In Defense of Phenomenal Concepts

Philosophical Papers 41 (1):97-127 (2012)
Abstract In recent debates, both physicalist and anti-physicalist philosophers of mind have come to agree that understanding the nature of phenomenal concepts is key to understanding the nature of phenomenal consciousness itself. Recently, however, Derek Ball (2009) and Michael Tye (2009) have argued that there are no such concepts. Their case is especially troubling because they make use of a type of argument that proponents of phenomenal concepts have typically found persuasive in other contexts; namely, arguments much like those that Tyler Burge used to motivate a certain form of externalism about mental content. The goal of this paper is to defend phenomenal concepts against this line of attack. Burge-style arguments, I contend, cannot be successfully used to make the case that there are no phenomenal concepts. As such, phenomenal concepts must remain central to understanding the nature of phenomenal consciousness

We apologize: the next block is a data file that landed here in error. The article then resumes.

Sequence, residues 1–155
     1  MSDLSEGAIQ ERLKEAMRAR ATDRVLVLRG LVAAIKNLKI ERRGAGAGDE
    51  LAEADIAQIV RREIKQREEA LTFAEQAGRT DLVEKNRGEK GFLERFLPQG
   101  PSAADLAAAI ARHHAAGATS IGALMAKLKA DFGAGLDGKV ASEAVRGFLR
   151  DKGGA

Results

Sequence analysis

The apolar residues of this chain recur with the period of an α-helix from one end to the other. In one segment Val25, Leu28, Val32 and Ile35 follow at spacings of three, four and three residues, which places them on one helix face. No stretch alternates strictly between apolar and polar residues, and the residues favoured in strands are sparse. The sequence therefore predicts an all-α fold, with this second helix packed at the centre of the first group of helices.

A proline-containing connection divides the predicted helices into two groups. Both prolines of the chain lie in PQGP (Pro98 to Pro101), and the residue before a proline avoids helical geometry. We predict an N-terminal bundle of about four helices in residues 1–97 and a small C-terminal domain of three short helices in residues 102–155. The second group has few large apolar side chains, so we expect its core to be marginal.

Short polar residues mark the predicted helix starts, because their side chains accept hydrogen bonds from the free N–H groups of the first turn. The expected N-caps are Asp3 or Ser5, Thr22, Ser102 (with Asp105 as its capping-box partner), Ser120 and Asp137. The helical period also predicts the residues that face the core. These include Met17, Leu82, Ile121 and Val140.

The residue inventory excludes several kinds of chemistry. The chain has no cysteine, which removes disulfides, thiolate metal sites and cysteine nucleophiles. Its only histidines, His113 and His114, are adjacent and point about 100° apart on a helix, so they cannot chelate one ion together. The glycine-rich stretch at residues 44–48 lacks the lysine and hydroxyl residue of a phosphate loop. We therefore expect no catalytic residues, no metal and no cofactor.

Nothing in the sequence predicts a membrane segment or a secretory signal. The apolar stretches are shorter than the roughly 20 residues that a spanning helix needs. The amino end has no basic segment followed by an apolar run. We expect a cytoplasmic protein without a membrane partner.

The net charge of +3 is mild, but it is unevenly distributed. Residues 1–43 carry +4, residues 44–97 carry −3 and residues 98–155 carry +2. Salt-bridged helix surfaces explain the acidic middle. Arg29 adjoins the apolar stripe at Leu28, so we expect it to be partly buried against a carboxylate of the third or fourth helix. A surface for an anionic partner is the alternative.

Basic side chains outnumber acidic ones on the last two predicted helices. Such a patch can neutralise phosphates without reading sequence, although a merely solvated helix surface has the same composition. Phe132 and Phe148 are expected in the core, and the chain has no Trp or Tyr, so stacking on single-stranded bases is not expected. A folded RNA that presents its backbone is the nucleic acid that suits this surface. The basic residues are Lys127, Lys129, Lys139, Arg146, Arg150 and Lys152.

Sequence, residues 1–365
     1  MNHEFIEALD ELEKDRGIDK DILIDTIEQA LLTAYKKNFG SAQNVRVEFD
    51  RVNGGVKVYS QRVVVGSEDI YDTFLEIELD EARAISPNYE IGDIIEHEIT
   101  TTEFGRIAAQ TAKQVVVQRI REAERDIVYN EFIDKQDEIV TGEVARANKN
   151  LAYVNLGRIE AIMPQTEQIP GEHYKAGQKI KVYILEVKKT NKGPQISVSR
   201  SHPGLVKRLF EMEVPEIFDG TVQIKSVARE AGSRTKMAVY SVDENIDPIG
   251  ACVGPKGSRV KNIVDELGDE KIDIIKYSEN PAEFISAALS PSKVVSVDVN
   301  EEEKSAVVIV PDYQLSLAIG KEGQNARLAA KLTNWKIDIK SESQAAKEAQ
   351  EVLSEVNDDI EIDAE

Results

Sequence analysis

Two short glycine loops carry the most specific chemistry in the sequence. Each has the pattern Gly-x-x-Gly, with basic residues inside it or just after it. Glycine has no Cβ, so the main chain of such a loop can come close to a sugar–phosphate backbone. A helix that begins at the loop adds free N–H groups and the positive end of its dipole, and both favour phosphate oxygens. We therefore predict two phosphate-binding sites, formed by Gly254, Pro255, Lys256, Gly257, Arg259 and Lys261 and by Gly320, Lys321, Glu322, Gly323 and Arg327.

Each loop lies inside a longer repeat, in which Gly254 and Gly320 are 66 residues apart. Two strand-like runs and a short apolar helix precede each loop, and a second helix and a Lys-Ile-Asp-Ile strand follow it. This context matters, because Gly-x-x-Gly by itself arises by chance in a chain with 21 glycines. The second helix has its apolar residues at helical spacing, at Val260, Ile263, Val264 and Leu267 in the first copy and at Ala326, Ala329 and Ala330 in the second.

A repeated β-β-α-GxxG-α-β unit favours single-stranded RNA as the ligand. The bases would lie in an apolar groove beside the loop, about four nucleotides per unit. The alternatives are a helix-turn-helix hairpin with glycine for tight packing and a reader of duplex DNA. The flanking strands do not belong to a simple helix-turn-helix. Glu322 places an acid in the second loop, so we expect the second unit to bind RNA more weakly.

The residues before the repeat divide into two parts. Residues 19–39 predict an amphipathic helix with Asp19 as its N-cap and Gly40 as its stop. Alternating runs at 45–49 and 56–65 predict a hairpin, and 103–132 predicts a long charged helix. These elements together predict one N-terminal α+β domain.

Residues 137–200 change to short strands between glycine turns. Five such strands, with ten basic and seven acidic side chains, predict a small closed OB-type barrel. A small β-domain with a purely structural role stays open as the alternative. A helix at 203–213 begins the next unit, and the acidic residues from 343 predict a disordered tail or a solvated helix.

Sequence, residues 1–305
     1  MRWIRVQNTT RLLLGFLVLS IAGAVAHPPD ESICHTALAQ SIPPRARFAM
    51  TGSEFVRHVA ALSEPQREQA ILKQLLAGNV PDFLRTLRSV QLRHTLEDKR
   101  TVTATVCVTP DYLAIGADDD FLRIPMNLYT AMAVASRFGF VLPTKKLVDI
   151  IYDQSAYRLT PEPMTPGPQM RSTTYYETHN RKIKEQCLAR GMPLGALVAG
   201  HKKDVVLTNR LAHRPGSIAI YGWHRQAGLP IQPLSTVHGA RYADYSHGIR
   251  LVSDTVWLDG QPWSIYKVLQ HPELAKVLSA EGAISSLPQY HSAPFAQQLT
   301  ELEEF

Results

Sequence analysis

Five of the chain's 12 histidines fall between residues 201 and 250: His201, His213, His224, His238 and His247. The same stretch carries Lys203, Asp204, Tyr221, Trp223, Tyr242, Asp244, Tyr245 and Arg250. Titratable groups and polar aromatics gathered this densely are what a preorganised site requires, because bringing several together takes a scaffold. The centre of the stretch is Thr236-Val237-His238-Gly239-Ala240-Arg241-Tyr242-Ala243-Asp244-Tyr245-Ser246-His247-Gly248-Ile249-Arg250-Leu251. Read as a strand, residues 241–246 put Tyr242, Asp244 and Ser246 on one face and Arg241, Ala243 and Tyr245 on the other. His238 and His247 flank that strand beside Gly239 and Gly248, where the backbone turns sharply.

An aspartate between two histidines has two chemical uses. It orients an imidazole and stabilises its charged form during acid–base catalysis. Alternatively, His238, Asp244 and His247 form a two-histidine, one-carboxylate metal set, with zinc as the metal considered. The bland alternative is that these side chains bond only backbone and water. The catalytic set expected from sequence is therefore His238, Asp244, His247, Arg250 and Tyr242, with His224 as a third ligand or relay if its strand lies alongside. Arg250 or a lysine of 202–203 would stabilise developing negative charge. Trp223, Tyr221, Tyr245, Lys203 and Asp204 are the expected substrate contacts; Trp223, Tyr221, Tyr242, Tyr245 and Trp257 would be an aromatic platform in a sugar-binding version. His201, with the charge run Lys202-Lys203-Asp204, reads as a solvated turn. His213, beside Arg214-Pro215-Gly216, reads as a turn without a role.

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DOI 10.1080/05568641.2012.662808
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References found in this work BETA
Hilary Putnam (1975). The Meaning of 'Meaning'. Minnesota Studies in the Philosophy of Science 7:131-193.
Tyler Burge (1979). Individualism and the Mental. Midwest Studies in Philosophy 4 (1):73-122.
Michael Tye (2003). Consciousness, Color, and Content. Philosophical Studies 113 (3):233 - 235.

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